Roast Turkey 101.2 ( the upgrade), with wild mushroom stuffing

Things that have not changed an iota in the last 3 decades:

* If you go by the standard Thanksgiving story, all the way back to 1622 (which in fairness to history you probably shouldn’t), tradition favors venison. But tradition as usually understood demands turkey. No other meat – or poultry – will do.

* It is impossible to roast a whole turkey and have both light and dark meat come out equally delicious.

* It is impossible to convince people that this means turkeys should not be roasted whole.

Things that have changed considerably:

* Wild turkeys are back, big time, although not yet back on the table

* Wild turkeys are back, big time, although not yet back on the table

* Cooks have discovered that brining the turkey does a great deal to help keep the meat moist. (Best dissenting opinion award: Harold Magee in the New York Times).

* The USDA has discovered it’s not necessary to create bird-flavored sawdust, i.e. internal temperature of thigh 180 degrees. The agency now allows you to stop at 165, still around 10 degrees hotter than essential for safety,  but only about 5 degrees hotter than best for succulence.

* It’s no longer enough that the turkey be fresh, unpolluted by “self-basting” additives and unpierced by pop up buttons. Fresh and local is now the gold standard, except when you can get fresh, local and heritage, the high end turkey trifecta.

tips for dealing w/heritage turkeys, whichtend to be leaner and smaller than the modern standard, can be found at the end of this post.

tips for dealing with the modern standard, and the stuffing recipe follow

Really Good Roast Turkey 101.2 ( extensive tips division; scroll down for the stuffing)

* Reserve your turkey. Meat markets that can sell you a fresh hen (less tough than tom) turkey in almost exactly the size you want usually require at least a couple of days’ notice. Only fair. Figure on 1 to 1.5 lbs per person, depending on turkey size and your desire for leftovers.The bigger the turkey, the more meat per pound. Also the more sinewy and unpleasant the drumsticks. Also the harder to handle when hot and possibly too big for pan or oven. If you need more than 22 pounds consider roasting an extra (without stuffing) the day before, then reheating portions to provide seconds after everyone gets a slice of the ceremonial bird.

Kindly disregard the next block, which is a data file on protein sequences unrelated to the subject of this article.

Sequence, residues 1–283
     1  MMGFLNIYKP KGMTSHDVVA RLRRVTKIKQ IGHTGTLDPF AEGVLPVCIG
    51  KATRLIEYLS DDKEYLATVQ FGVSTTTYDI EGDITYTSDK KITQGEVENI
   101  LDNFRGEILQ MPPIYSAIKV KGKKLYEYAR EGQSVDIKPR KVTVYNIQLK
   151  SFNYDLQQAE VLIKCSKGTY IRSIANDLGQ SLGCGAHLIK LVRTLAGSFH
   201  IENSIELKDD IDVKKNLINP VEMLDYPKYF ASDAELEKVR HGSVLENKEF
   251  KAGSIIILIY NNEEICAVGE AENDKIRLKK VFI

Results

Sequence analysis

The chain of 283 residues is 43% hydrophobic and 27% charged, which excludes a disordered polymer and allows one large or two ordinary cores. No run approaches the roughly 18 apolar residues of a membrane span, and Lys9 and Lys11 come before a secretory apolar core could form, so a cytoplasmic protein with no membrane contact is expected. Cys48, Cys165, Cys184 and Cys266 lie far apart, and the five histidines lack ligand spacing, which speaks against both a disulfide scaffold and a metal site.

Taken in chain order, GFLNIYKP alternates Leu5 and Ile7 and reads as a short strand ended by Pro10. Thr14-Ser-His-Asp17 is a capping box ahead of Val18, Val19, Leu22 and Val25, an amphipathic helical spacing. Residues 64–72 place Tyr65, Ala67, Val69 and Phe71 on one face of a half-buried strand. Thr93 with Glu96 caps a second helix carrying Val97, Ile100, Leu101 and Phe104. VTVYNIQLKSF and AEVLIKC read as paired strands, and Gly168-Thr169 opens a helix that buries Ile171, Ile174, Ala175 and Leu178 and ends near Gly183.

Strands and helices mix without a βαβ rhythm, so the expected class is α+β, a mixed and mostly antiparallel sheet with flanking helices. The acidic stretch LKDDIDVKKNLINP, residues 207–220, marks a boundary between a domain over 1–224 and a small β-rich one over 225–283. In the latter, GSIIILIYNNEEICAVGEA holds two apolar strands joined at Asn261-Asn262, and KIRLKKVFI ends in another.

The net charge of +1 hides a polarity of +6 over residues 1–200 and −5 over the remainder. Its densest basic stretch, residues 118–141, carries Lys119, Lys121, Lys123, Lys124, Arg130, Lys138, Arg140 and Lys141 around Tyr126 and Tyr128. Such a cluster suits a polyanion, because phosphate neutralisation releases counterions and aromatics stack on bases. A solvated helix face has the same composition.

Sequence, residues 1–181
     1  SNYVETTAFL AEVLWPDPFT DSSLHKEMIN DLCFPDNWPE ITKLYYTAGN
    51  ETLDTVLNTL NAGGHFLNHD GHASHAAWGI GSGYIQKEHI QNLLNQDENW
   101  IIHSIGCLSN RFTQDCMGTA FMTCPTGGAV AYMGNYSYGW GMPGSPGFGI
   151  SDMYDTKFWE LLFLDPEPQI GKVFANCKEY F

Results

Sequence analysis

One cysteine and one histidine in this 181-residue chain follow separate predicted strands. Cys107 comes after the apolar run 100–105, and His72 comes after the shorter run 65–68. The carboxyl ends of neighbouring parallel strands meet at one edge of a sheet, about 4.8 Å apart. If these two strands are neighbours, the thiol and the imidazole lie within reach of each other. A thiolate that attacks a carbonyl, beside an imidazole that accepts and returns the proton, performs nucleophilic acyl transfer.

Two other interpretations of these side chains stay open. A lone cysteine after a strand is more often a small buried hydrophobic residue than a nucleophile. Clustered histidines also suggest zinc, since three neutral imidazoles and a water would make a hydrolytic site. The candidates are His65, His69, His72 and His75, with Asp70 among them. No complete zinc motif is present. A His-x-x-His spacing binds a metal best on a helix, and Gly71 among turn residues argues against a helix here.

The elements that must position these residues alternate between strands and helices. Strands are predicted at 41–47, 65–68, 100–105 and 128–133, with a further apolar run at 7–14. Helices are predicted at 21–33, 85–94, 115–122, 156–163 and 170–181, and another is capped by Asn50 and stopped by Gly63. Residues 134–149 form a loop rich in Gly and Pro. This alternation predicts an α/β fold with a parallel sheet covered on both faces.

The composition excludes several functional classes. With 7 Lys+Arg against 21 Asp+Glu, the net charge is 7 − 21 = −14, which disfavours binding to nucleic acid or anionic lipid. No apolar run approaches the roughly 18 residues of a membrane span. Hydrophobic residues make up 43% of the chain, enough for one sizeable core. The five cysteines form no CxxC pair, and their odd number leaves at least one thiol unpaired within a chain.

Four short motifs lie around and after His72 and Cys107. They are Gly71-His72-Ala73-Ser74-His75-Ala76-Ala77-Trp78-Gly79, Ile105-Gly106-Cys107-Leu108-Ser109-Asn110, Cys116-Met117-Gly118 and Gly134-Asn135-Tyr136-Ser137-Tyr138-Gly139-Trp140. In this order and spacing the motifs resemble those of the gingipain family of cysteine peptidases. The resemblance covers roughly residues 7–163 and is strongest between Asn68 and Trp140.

Never hurts to make sure the turkey will come with giblets, btw – it should, but sometimes they don’t. Also ask for a couple of pounds of backs and necks to make turkey stock for the gravy.

Make the pre-gravy 1 to 3 days ahead. The juices and browned on bits in the pan are important to gravy flavor. But at crunch time it really helps if they’re easy additions instead of the start of a half hour of fooling around.

For the foundation: Spread 2 to 3 pounds backs and wings in a shallow roasting pan along with the turkey neck and gizzard (save heart and liver for later). Add 2 chunked carrots and a whole onion, washed but not peeled. Roast in a 400 degree oven until the meat is well browned. Transfer to a deep kettle, add a chunked stalk of celery, cover generously with water and bring to just under the boil. Turn down heat and simmer gently for about 2 hours.